CEPII, Recherche et Expertise sur l'economie mondiale
Greening the implementation of the African Continental Free Trade Area Agreement

Lionel Fontagné
Stephen Karingi
Simon Mevel
Cristina Mitaritonna
Yu Zheng

 Highlights :
  • While the AfCFTA negotiations have not yet dealt in depth with climate change and green transition issues, the establishment of a national carbon market is now on the agenda of many African countries.
  • According to simulations with the MIRAGE-Power model implementing the AfCFTA Agreement without adopting any climate policies in Africa would increase the continent’s emissions in 2045 by 0.3%.
  • The adoption of climate policies in line with African countries’ NDCs, in addition to implementing the AfCFTA Agreement, would enable a 25% decrease in GHG emissions by 2045, assuming a common carbon price in line with the IMF’s ICPF proposal for low-income countries.
  • Differentiated but coordinated efforts between African countries to reduce emissions through carbon pricing could bring the cost of abatement to US$ 19.00 per ton of carbon.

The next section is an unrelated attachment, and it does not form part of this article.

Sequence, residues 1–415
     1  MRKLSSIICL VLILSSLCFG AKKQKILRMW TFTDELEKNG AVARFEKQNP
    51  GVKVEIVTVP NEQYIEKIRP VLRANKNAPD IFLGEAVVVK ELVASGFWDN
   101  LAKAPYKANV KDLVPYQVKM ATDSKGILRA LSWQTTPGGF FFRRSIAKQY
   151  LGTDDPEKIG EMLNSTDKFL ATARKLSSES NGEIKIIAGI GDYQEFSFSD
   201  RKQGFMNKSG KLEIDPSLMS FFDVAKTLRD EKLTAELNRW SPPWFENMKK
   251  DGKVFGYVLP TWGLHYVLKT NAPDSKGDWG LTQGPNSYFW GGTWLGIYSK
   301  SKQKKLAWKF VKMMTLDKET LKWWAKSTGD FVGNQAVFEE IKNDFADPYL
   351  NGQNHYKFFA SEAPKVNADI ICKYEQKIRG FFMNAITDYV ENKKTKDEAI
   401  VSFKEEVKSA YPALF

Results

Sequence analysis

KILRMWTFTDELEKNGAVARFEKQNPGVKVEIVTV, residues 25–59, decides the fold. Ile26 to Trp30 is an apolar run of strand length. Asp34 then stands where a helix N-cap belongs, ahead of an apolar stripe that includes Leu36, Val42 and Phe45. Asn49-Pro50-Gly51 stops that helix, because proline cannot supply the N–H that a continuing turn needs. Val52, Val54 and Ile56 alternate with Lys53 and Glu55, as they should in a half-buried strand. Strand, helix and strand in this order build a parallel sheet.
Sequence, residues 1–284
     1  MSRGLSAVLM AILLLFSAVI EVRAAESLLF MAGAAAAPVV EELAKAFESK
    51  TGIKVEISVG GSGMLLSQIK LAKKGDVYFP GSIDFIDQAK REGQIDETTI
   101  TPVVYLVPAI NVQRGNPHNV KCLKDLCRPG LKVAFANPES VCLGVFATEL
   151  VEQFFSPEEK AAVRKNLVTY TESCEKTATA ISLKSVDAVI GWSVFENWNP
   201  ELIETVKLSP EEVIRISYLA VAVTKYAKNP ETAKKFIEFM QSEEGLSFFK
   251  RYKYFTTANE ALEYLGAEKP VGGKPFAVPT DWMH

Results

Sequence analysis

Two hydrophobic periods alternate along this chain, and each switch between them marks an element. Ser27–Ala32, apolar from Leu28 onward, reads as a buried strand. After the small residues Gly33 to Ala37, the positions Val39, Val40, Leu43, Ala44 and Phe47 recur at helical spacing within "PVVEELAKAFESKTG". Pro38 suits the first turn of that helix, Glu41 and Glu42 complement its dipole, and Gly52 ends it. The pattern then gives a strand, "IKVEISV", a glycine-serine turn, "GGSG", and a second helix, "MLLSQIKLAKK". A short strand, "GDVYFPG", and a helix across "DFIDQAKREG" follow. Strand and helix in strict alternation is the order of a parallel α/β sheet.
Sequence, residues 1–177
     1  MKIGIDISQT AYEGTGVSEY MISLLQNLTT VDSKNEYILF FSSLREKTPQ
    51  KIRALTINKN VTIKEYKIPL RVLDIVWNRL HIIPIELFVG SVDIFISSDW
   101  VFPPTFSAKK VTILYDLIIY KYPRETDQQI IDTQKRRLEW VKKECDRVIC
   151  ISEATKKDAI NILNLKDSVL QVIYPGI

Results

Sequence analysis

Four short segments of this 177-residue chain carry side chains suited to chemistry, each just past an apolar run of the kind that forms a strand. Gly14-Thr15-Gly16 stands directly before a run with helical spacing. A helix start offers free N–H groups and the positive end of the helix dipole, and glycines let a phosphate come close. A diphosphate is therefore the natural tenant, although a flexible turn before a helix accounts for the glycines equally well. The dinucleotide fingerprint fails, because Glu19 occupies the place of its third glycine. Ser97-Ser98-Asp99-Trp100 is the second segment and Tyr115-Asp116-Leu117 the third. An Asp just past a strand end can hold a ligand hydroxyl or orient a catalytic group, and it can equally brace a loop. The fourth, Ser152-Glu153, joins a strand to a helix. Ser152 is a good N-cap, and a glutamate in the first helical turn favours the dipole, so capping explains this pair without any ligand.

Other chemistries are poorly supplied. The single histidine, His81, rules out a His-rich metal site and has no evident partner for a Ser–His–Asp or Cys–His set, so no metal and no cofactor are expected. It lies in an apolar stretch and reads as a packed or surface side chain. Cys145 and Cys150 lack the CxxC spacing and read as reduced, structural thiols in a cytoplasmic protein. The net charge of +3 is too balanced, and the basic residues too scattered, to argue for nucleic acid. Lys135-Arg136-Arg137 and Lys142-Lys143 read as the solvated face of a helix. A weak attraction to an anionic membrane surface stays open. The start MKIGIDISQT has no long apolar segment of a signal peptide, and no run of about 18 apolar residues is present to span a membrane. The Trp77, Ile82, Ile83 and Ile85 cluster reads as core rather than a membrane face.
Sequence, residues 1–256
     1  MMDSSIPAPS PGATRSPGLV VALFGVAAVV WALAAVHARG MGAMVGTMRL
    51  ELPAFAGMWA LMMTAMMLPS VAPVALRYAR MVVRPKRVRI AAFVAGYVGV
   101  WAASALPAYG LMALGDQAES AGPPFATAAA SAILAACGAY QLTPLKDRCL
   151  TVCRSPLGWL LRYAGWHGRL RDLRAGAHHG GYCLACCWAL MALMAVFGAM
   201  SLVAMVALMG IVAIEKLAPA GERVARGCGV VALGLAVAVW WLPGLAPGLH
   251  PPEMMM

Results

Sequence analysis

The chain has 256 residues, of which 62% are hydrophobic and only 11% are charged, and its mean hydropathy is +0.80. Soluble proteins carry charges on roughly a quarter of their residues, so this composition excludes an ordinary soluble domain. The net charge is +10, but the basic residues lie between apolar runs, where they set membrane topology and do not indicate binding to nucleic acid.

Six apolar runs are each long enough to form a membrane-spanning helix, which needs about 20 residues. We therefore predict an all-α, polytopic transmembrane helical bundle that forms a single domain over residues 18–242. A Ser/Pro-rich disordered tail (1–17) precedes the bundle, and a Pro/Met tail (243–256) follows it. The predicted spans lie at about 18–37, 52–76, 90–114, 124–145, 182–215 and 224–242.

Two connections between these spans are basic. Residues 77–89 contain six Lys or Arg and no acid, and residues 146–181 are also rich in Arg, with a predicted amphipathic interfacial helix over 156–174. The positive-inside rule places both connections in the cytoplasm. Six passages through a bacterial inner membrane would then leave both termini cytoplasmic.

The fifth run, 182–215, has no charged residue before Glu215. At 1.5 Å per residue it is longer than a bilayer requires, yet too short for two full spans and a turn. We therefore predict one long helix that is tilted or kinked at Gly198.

Abstract :
The African Continental Free Trade Area (AfCFTA) Agreement aims to create a single market for goods and services, increase intra-Africa trade and promote sustainable socioeconomic development in Africa. African countries need to balance efforts to address these goals with the urgency of climate change. As of the 27th session of the Conference of Parties of the United Nations Framework Convention on Climate Change in 2022, most African countries had submitted their Nationally Determined Contributions (NDCs) to mitigate the impact of climate change. Establishing a carbon market is now on the policy agenda. This paper uses a dynamic general equilibrium model with different sources of energy (including renewable energy) and an in-depth presentation of greenhouse gas emissions to assess the economic and environmental impacts of implementing the AfCFTA Agreement and adopting various climate policies in Africa, including those NDCs and the International Monetary Fund’s proposal of carbon price floors. It shows that implementing the agreement and achieving Africa’s climate objectives are compatible. Continental coordination of emissions reduction among African countries proves most efficient for climate action.

 Keywords : International Trade | Climate Change | AfCFTA

 JEL : F13, F17, F18, Q56
CEPII Working Paper
N°2024-04, February 2024

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